Jeff Cross - The Dolphins selected Cross with their ninth round pick in the 1988 draft. After his rookie year, in which he started once, but played all 16 games at both defensive end spots, Cross spent his remaining seven years as a starting defensive end for the Dolphins, moving from right defensive end to the left side in 1993. Cross was selected to the Pro Bowl in 1990, when he tallied 11.5 sacks. Cross also had two other seasons (1989 and 1993) with double digit sacks (10 and 10.5 respectively), ending his career with 59.5 total sacks. He would start 107 of the 125 games in which he appeared, with one career interception, ten forced fumbles, seven fumble recoveries, and 377 tackles.

Marco Coleman - Coleman was the twelfth overall pick in the 1992 draft by the Dolphins. He would spend four seasons as a starter for Miami, his rookie year split between left outside linebacker and right defensive end, with the other three years solidified at right defensive end. Over his four years, Coleman would start 62 of the 63 games in which he would appear, tallying 24 sacks, six forced fumbles, one fumble recovery, and 226 tackles. He would spend the rest of his career with the San Diego Chargers (3 years), Washington Redskins (3 years), Denver Broncos (2 years), Jacksonville Jaguars (1 year), and Philadelphia Eagles (1 year).

Trace Armstrong - Armstrong with the twelfth overall pick in the 1989 Draft by the Chicago Bears. After spending six seasons as the starting left defensive end for the Bears, Bowens came to the Dolphins, where he split time as a starter and a reserve player. He would play for six years with Miami, finishing the 2000 season with 27 games started for the Dolphins, with 95 total appearances, 56.5 sacks, 16 forced fumbles, seven fumbles recovered, 187 tackles, and one Pro Bowl selection (2000). Armstrong would play his final three seasons with the Oakland Raiders.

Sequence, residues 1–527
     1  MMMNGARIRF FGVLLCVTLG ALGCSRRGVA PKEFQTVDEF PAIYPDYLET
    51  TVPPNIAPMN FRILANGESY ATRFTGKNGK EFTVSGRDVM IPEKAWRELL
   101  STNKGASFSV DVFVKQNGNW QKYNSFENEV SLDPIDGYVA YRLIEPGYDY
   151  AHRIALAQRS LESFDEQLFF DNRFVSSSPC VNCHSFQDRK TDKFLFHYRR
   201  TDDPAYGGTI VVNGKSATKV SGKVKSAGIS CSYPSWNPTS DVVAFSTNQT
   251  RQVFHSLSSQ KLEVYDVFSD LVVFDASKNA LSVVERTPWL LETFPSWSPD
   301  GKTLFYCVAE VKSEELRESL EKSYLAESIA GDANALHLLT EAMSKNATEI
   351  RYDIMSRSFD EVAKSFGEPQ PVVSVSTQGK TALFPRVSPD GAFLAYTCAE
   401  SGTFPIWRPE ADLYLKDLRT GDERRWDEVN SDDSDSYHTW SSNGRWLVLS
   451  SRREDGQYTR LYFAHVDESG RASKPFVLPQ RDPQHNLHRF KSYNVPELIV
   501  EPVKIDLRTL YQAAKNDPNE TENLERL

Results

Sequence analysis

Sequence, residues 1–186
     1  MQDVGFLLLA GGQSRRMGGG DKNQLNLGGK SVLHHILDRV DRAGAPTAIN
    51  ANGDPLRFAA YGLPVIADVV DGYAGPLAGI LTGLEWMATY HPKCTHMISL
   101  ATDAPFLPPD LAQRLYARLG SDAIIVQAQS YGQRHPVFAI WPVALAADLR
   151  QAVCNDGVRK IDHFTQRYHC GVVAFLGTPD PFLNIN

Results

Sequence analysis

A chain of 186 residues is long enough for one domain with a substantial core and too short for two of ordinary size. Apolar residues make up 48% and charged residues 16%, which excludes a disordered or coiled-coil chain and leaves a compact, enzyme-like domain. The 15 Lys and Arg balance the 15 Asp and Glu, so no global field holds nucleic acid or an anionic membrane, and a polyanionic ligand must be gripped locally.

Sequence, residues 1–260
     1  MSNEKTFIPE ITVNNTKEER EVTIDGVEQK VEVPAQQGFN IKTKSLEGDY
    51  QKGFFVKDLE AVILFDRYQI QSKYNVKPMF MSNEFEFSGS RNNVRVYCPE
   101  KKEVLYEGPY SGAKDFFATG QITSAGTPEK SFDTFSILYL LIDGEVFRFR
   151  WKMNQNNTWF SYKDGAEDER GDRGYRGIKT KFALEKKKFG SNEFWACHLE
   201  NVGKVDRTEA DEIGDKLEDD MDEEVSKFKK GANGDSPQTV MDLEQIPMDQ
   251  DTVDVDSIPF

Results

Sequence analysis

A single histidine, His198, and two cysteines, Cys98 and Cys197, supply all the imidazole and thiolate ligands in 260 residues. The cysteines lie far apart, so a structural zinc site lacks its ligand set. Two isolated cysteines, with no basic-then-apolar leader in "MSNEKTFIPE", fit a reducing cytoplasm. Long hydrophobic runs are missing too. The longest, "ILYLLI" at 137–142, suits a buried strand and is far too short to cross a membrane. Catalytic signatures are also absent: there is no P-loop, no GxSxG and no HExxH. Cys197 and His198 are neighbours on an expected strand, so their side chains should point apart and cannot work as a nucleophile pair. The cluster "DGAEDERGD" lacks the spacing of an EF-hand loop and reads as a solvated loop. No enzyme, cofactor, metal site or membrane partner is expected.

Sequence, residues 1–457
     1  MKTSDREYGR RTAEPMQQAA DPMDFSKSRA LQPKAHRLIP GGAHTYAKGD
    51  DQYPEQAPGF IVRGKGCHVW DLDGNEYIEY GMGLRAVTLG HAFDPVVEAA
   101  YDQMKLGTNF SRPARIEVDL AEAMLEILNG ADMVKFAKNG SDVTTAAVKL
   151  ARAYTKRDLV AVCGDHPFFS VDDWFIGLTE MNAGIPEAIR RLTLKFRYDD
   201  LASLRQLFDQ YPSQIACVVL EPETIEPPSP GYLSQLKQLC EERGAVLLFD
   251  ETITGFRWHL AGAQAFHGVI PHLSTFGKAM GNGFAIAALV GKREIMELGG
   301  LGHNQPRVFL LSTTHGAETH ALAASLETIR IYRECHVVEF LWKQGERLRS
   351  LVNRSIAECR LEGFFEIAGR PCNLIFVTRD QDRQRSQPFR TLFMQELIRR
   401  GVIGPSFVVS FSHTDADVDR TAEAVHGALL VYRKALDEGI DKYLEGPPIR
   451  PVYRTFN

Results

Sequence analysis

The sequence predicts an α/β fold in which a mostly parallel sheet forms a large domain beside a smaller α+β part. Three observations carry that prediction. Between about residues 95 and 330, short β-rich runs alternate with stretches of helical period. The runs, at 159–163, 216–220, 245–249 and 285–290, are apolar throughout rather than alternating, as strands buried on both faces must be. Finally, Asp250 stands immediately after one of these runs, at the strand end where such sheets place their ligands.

Jason Taylor - Taylor was sleected in the third round of the 1997 draft by the Dolphins. He would go on to tally 131 sacks, eight interceptions (three touchdowns), 43 forced fumbles, 27 fumble recoveries (six touchdowns), 712 tackles, and two safeties during his 13 seasons with the Dolphins, concluding last year with the Dolphins players carrying him off the field. Adding in his two seasons abroad (one with the New York Jets and one with the Washington Redskins), Taylor would total 139.5 sacks in his career, finishing sixth all time on the NFL career sacks list, second all time in career fumble return yards, and fourth all time in career safeties, as well holding the record for fumbles returned for a touchdown (6). Taylor was named to the Pro Bowl six times during his career (all with Miami), as well as being selected as a First Team All Pro three times. Taylor was the 2006 NFL Defensive Player of the Year and the 2007 NFL Walter Payton Many of the Year.